Jim Zeigler files report on Robert Bentley with state Ethics Commission

Robert Bentley Jim Zeigler

Alabama State Auditor Jim Zeigler has submitted an official report with the Alabama Ethics Commission, requesting the body investigate allegations Gov. Robert Bentley participated in an affair with senior advisor Rebekah Caldwell Mason, a former staffer who is no longer a state employee.

Former Alabama Law Enforcement Agency director Spencer Collier disclosed knowledge Wednesday of a recording of the governor making comments of an intimate nature to who was presumed to be Mason, as well as an incident of viewing an explicit text message.

The governor has denied a “sexual” affair occurred.

Zeigler said he submitted the report as a request for the commission to investigate whether any state resources were unlawfully used in the alleged relationship.

“The governor continues to disgrace the state of Alabama, and in my official capacity as state auditor, I am required to report these suspected violations,” said Zeigler said in a prepared statement released Friday afternoon. “It is clear that he is misleading the people of the state about the nature of his relationship, but it is also clear that Ms. Mason is required to either be classified as a public official, or file as a lobbyist, in her capacity as an advisor who is paid by an outside source.”

Zeigler told Alabama Today the report stemmed from his discovering a seldom-used provision in the law, 36-25-17, requiring any agency head, which includes the auditor, who receives information of a violation of the ethics law shall report it to the Ethics Commission.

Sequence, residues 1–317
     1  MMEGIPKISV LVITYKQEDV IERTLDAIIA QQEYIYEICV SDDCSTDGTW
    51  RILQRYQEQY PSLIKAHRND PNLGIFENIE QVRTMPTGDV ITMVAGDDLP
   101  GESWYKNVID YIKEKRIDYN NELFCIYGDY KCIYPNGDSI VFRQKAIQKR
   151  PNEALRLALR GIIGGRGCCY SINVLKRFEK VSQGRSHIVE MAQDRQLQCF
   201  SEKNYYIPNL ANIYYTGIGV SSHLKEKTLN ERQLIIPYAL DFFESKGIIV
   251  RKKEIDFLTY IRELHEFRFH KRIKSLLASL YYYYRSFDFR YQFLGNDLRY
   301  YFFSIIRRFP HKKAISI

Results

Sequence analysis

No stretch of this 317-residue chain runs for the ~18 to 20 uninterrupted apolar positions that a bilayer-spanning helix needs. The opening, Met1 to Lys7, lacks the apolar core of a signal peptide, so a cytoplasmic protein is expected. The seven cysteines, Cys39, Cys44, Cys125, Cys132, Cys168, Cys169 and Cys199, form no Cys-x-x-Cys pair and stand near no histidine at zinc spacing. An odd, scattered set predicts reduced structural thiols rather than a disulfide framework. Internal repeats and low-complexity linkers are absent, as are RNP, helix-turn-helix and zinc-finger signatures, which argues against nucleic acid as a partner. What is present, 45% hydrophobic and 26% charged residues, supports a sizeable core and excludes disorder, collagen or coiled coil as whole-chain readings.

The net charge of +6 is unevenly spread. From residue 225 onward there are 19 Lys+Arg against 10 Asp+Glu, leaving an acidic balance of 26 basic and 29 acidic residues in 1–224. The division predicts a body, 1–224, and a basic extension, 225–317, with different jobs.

“I am expecting next week, to get honest state employees, which is the majority, come into my office or call in with more information,” Zeigler said. “The information I get about any issue or problem is not self-generated, it comes from citizens or state employees contacting me with information.”

Zeigler identified Collier as one of the sources for his information, but noted there were other sources. The auditor also said he expects to file two or three supplemental reports within the next month.

Though Bentley’s former chief of staff, Seth Hammett also worked for the governor’s office while being paid by an outside group, the governor received permission from the Ethics Commission.

No such permission was sought in the case of Mason’s arrangement with 501(c)4 group Alabama Council for Excellent Government (ACEGOV), whose website states the group “supports Governor Bentley’s bold vision to lead Alabama with greater economic opportunities and by tackling our state’s challenges with real solutions.”

Zeigler has been a frequent critic of the governor’s since his own election in 2014, but in recent months he and Bentley have sparred over the very nature of the State Auditor’s office.

A bill sponsored by Rep. Paul Beckman, would make the offices of State Auditor and Agriculture Commissioner appointed, rather than elected, positions.

Zeigler said the move would be like “the fox guarding the hen house.”

Stopping short of asking the governor to step down himself, Zeigler said he believes the only way Bentley will leave his office is if the Alabama Legislature removes him, or he’s convicted of ethics violations.


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